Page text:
Just last week, I was online chatting with my little cousin in Iran. I asked him about his friends at school. He told me that the wealthy students eat caviar during the recess and make fun of him for living in a neighborhood which--to my surprise--is fairly wealthy. Shocked by his stories, I remembered when I was growing up in Iran. In the 90s, such an eminent social class gap did not exist and crossing it was not accepted. At school, for example, the students were not allowed to eat bananas (an expensive fruit back then.) Even though it was a middle to upper class area/ school, it was obvious that the majority could not afford bananas. Back then, it was just simply not socially accepted to show off one’s wealth. Also, there was such a sense of shame in being nadar that a dara would normally not publicly display his or her privileges.
So, last week, I spent some times wondering why how the lines between the social classes are blurred in Iran. Why do the shame and the self-censorship I had witnessed no longer exist? Drowned in these thoughts my search through social media and viral emails from Iran took me to a new discovery. I noticed how Iranians are using a new method of spreading stories to talk about their social and economical problems. Of course, no doubt that word of mouth gets modified on the way, but generally stories I’ve been reading capture the essence of what many nowadays are going through in Iran.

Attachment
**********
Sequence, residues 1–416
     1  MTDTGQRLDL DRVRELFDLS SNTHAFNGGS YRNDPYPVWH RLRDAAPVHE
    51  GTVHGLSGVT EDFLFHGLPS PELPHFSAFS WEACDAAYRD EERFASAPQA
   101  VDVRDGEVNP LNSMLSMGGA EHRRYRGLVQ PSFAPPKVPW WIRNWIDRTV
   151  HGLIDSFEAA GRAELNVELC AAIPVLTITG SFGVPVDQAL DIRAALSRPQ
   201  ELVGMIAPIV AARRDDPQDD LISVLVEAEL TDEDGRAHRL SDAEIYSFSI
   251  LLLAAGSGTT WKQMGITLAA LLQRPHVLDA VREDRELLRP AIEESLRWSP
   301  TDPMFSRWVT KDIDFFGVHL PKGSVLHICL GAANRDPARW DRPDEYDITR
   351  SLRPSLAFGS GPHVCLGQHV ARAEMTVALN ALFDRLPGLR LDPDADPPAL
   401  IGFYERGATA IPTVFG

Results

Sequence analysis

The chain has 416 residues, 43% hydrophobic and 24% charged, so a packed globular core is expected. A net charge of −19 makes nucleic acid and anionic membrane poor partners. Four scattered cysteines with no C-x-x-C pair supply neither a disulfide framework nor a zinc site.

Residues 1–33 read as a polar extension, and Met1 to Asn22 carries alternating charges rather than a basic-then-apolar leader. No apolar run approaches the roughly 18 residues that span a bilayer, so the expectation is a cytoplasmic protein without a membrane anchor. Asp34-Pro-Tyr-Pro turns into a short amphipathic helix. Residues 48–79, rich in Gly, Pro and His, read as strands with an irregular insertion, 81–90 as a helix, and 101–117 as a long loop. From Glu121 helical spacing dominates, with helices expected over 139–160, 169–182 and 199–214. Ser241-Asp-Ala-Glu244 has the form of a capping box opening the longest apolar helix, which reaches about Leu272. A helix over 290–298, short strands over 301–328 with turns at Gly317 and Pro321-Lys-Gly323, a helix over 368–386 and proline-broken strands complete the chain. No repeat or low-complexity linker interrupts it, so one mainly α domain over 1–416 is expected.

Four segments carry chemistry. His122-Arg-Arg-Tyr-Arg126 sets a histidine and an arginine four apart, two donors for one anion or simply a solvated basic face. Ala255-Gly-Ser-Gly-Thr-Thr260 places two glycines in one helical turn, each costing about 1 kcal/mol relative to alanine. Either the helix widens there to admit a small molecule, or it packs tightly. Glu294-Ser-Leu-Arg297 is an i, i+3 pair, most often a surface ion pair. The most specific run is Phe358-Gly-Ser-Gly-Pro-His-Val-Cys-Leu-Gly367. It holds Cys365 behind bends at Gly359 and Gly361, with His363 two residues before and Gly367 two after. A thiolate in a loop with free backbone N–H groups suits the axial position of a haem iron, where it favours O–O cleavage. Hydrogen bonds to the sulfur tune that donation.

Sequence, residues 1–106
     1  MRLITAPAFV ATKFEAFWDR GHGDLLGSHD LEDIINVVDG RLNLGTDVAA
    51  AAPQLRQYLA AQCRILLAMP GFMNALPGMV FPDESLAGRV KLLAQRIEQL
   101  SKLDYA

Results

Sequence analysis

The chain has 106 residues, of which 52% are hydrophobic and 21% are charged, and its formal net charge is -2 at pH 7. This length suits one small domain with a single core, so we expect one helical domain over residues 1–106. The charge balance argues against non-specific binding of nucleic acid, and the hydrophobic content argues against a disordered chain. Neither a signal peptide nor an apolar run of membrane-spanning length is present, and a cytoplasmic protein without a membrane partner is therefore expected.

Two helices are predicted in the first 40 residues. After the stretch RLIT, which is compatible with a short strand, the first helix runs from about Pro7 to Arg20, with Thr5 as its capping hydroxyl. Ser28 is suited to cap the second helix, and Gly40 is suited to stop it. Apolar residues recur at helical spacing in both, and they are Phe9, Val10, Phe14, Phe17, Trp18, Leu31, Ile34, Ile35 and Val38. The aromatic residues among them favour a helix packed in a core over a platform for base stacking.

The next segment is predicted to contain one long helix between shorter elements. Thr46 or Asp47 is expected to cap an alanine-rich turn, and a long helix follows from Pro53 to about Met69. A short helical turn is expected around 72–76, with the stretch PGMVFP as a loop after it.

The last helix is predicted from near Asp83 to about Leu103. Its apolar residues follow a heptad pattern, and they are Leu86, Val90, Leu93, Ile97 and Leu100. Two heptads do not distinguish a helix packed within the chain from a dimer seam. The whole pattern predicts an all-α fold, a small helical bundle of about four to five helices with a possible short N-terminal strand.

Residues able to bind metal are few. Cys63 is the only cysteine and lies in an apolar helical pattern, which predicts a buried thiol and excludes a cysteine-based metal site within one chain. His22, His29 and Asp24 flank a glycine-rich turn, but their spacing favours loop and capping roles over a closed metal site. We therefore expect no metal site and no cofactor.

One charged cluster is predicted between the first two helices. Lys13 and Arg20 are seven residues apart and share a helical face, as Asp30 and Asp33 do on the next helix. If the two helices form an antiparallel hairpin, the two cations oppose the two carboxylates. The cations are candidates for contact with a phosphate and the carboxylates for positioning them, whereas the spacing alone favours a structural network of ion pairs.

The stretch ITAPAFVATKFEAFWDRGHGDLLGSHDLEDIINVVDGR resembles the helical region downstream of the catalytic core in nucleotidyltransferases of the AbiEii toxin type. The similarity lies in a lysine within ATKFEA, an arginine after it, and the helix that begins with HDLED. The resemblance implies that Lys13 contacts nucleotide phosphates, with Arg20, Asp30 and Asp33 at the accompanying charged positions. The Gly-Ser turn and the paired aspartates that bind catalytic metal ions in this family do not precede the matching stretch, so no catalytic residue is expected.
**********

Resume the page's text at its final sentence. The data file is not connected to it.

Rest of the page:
Here is a short Facebook piece which the author asks for “Share” so that “people know there are some Iranians who can’t afford to eat meat any more.”
“I was in the butcher shop where an old woman walked in and stood in the corner. A younger man followed, walked up to the butcher and asked for five kilos of beef. As the butcher started to cut the meat and separate the bones and fat, he asked the woman what she wants. The woman handed him a 500 Tooman bill (roughly 50 cents) and asked for whatever this money can buy her. The butcher said “this will only pay for scraps.” The young man who was playing with his mobile phone, looked at the woman and asked “do you want them for your dog? My dog makes fuss about boneless meat, let alone the scraps.” The woman said she wants them to make a stew for her children who haven’t had meat in so long. The young man ashamed, put aside some of his order for the woman’s but she refused saying “I don’t give dog food to my children.”By Parisa Saranj, Aslan Media Columnist